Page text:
Summers resigns Harvard presidency
Larry Summers has resigned as president of Harvard.
The resignation caps an increasingly rancorous stand-off between Summers and disaffected Harvard staff and came just one week before faculty members were to vote in the second no-confidence motion against Summers in 11 months. Summers, whose brusque management style has won both praise and contempt, sparked controversy last year when he said innate differences between men and women may help explain why so few women work in the academic sciences.
He has since apologized repeatedly for his remarks.
"The university has been in a state of paralysis. I've never seen anything like this before," Farish A. Jenkins Jr., a Harvard zoology professor, told Reuters.
Summers' resignation letter says:
I have reluctantly concluded that the rifts between me and segments of the Arts and Sciences faculty make it infeasible for me to advance the agenda of renewal that I see as crucial to Harvard's future. I believe, therefore, that it is best for the University to have new leadership. ... At a time when the median age of our tenured professoriate is approaching 60, the renewal of the faculty has to be a central concern. ... We cannot maintain pre-eminence in intellectual fields if we remain constrained by artificial boundaries of departments and Schools. "Each Tub On Its Own Bottom" is a vivid, but limiting, metaphor for decision making at Harvard. We will not escape its limits unless our Schools and Faculties increase their willingness to transcend parochial interests in support of broader university goals.
I tuned into http://www.wbz.com/ on the advice of a Boston area alum. There's an interview with Summers and Alan Dershowitz. If you listen to Summers you get the sense that despite the bland press release he had been involved in the equivalent of a knock-down, drag-em out academic fight. Alan Dershowitz said (my recollection) 'most of the faculty, students and alumni supported Summers. This is a coup de etat (Dershowitz's exact words) by a small group within the Faculty of Arts and Sciences'.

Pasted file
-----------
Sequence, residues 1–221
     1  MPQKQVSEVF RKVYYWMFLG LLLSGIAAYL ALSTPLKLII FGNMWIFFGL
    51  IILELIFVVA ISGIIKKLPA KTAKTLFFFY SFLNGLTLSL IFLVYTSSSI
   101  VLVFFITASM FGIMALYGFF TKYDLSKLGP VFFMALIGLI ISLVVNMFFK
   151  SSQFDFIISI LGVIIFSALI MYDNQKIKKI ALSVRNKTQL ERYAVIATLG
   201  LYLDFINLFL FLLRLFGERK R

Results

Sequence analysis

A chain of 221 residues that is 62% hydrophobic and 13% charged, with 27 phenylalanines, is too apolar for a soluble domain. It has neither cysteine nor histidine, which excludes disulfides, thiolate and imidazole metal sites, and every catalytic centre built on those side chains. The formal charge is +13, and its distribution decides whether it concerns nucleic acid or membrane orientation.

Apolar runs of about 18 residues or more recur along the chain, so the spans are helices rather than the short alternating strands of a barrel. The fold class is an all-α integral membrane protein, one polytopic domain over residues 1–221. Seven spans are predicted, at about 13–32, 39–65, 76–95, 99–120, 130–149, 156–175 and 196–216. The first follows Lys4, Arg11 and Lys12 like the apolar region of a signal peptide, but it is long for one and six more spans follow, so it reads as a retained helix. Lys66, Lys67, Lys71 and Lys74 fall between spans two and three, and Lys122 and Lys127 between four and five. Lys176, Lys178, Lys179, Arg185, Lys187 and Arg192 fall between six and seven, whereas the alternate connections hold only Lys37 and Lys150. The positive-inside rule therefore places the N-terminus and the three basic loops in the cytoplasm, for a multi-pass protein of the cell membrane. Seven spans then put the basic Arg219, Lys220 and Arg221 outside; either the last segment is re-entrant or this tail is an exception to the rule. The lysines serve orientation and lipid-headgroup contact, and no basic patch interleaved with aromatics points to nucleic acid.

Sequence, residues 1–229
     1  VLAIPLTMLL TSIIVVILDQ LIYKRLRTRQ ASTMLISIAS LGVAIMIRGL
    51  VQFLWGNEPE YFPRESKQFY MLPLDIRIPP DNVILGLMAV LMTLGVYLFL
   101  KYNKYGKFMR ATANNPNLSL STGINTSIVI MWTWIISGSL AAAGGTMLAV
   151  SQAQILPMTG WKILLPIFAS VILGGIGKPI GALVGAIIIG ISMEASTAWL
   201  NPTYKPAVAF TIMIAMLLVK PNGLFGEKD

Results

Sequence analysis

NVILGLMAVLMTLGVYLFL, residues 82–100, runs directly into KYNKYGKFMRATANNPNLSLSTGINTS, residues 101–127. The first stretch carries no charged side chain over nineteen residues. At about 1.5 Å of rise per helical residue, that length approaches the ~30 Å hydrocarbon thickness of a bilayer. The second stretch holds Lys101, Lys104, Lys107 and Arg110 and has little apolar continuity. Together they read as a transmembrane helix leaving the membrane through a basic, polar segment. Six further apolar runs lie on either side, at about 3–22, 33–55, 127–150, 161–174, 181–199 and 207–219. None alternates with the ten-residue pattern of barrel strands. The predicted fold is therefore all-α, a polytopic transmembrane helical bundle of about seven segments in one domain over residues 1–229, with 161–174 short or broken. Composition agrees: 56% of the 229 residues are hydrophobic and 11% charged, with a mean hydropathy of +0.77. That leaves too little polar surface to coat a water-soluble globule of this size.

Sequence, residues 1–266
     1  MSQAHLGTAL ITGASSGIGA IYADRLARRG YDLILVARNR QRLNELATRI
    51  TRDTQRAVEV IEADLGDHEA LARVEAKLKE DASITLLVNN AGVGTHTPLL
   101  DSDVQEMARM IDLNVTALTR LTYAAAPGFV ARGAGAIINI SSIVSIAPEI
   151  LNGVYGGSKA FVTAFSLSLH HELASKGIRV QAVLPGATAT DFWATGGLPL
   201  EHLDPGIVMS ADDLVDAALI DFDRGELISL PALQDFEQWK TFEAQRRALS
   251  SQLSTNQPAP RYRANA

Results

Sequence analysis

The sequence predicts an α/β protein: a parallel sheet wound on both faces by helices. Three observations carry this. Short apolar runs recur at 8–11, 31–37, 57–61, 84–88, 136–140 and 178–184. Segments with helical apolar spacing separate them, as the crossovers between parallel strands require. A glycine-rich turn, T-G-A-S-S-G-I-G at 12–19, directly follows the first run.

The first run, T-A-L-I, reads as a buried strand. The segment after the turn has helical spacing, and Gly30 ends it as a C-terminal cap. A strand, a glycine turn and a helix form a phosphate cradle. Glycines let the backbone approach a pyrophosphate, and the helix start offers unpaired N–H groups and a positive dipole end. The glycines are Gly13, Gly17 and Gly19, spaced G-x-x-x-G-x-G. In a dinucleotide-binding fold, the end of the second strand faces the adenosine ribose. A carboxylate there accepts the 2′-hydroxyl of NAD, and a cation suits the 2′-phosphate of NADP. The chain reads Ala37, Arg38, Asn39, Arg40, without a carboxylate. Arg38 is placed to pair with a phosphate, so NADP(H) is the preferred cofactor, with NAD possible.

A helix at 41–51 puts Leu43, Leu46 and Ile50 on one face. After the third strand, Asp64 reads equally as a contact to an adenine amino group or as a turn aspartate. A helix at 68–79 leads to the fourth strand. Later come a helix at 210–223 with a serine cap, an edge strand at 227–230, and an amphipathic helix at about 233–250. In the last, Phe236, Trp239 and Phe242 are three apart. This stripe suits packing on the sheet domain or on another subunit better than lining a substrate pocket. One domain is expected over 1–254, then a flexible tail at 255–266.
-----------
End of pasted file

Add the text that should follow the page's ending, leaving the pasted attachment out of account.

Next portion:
More from The Harvard Crimson
Summers ultimately fell to mounting pressure from members of the Faculty of Arts and Sciences calling for his resignation. They had assailed his leadership style as well as the resignation of Dean of the Faculty William C. Kirby and his handling of the government fraud scandal implicating Jones Professor of Economics Andrei Shleifer '82.
In a statement made outside his Mass. Hall office earlier this afternoon, Summers addressed a group of about 150 people, which included a group of student supporters who chanted, "Stay, Larry, stay," and "Five more years."
"This has not been a simple day in my life," Summers told the crowd, many of whom reached out to shake his hand.
"Harvard's greatest days are in the future," he added.
Summers had been slated to face a no-confidence vote at next Tuesday's meeting of the Faculty of Arts and Sciences, in addition to a motion asking Harvard's governing boards to intervene in the conflict. Summers lost a similar no-confidence vote last March 218-185.
Free speech is under increasing attack. One would have thought that newspaper caricaturists, professional historians and the president of the richest university in the world could express an opinion. The Mohammed cartoons, David Irving and Lawrence Summers show that even traditional opinion-makers, people whose stock-in-trade are ideas, must watch their back.